He said the shift envisioned in the plan would likely happen largely in the background for residents.
“You'll get on a bus that's an electric bus, you'll get on a GO train that’s electrified, you’ll walk into buildings that are not using natural gas for heating, and that have dramatically lower demand for cooling,” he said. “What you'll notice, I think, is a lot of economic activity, because if you're going to make a transformation like this, there’s going to big investments and large-scale job creation.”
“So you'll see a lot of construction, frankly. And my hope is you'll see cleaner air.”
Health benefits eyed
The NDP proposal would produce “immediate health benefits” according to the Canadian Association of Physicians for the Environment (CAPE), which sees climate change as the top long-term health issue facing the country.
“The beauty of this is that you are going to fight climate change, and at the same time produce immediate health benefits for communities across Ontario,” said Kim Perrotta, CAPE’s senior director for climate, health and policy.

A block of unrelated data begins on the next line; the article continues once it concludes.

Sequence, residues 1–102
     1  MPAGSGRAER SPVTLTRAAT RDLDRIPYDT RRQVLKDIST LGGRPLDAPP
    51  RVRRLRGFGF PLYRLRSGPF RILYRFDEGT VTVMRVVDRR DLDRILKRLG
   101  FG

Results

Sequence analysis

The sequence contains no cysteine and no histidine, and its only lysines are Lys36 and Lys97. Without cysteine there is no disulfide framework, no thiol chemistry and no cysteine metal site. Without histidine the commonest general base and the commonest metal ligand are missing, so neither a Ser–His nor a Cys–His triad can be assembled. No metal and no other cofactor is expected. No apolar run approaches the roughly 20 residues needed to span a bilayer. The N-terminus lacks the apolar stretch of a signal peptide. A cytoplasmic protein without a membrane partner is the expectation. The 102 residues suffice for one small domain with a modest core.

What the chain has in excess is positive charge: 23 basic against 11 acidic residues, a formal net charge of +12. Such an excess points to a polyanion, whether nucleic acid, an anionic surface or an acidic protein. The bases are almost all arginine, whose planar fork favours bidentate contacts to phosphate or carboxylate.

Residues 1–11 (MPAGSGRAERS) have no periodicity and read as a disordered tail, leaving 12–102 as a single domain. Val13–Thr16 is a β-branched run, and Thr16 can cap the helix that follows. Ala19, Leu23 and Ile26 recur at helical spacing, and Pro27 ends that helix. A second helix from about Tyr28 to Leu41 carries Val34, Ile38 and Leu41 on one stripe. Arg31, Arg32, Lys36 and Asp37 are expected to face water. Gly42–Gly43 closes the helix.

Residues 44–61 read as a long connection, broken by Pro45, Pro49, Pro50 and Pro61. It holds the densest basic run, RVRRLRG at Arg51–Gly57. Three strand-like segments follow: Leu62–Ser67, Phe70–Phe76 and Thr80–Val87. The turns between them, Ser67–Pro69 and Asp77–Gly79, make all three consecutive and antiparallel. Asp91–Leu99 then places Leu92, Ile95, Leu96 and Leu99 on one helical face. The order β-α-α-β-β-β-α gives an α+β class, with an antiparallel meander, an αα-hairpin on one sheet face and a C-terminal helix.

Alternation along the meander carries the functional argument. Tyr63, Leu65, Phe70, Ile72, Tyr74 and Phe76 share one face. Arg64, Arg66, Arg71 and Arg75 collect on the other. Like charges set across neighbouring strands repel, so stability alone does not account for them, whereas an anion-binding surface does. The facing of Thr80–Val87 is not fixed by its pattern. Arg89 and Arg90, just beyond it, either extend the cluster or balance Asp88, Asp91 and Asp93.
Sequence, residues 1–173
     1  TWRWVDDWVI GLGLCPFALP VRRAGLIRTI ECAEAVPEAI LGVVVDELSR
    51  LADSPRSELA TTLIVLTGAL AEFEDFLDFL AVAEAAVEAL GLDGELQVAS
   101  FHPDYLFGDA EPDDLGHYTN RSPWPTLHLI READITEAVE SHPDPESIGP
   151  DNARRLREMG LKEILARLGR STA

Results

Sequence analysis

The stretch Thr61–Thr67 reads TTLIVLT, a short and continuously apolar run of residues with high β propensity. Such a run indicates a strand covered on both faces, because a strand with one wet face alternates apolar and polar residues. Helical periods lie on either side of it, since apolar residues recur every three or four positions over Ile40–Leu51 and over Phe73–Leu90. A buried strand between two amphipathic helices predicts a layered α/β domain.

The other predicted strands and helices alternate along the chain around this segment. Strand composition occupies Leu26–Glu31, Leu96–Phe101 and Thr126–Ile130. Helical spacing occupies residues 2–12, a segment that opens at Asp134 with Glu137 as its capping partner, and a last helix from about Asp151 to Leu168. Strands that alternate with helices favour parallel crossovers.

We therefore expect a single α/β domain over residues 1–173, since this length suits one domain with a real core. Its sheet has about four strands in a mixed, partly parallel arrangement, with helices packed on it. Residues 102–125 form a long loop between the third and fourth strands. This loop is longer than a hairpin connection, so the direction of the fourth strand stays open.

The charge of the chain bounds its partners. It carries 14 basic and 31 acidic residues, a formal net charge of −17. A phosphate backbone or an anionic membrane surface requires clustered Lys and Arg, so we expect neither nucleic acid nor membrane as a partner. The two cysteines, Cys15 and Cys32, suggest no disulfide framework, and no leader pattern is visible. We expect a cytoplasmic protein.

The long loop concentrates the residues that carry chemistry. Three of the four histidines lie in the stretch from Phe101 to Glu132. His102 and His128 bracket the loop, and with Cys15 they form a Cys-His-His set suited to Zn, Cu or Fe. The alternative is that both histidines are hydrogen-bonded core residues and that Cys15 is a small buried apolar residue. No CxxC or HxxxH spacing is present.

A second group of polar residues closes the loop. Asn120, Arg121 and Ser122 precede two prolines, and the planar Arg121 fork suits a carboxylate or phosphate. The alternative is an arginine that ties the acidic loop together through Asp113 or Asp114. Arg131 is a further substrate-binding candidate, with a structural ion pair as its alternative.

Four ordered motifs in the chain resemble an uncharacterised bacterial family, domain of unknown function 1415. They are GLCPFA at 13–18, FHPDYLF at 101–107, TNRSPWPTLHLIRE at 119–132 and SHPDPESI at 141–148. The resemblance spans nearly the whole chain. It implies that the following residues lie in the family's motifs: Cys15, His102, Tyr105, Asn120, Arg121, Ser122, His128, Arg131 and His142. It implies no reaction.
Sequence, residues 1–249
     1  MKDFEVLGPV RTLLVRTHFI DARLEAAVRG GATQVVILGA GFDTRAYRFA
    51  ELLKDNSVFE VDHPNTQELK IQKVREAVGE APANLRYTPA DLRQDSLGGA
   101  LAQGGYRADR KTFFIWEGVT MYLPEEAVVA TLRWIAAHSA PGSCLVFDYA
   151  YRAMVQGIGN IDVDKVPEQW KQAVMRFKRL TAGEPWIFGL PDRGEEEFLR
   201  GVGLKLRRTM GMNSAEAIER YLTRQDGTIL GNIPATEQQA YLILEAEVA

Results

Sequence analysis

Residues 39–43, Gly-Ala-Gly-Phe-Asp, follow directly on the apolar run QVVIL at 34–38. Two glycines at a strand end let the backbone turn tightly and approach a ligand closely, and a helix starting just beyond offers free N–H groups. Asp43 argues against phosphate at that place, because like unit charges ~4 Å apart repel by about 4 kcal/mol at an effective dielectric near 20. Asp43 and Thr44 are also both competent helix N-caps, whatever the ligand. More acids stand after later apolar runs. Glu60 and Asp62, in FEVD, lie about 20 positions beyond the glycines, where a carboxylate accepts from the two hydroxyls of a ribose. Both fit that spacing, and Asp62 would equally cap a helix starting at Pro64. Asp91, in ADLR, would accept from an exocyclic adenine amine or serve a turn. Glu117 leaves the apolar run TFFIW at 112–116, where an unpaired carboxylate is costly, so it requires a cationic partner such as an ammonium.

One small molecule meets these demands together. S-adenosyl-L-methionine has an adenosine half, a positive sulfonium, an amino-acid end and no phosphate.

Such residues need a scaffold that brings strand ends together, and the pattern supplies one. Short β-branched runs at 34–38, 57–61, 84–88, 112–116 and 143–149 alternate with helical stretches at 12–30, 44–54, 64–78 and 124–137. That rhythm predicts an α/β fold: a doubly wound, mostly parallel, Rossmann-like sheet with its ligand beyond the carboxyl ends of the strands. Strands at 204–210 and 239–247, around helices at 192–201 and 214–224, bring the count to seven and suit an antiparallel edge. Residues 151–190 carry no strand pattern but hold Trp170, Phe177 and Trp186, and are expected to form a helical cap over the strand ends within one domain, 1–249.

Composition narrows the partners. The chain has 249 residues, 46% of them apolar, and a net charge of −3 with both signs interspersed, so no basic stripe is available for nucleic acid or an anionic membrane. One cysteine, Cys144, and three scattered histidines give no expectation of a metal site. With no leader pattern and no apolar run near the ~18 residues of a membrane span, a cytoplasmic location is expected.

She said that while the prior Liberal government’s removal of coal-fired power plants from Ontario’s energy mix had sharply reduced air pollution in the province, much more could be done by targeting public buildings, including hospitals, where the lights are on and the heat is burning all day, every day.
“This kind of approach makes good economic sense and it makes good health sense, and it would be fighting climate change at the same time,” Perrotta said.
Canada’s health-care facilities emit the third-most greenhouse gas emissions per capita in the world, accounting for four per cent of the country’s overall pollution, the Lancet medical journal said in a November report looking at the links between climate change and health.
Buildings that use natural gas for heating release nitrogen oxides, which Perrotta said create direct adverse effects and also turn into atmospheric fine particulate matter linked to lung cancer and heart disease. More recent research on the health effects of air pollution has also connected it to developmental delays and Alzheimer's, she said.
(Editor’s note: This article was updated at 7:13 p.m. on Dec. 10, 2019, to include comments from an analyst at the David Suzuki Foundation and additional comments from Peter Tabuns, and at 8:23 p.m. on Dec. 11, 2019 to note tabling a bill and include a response from the office of Environment Minister Jeff Yurek)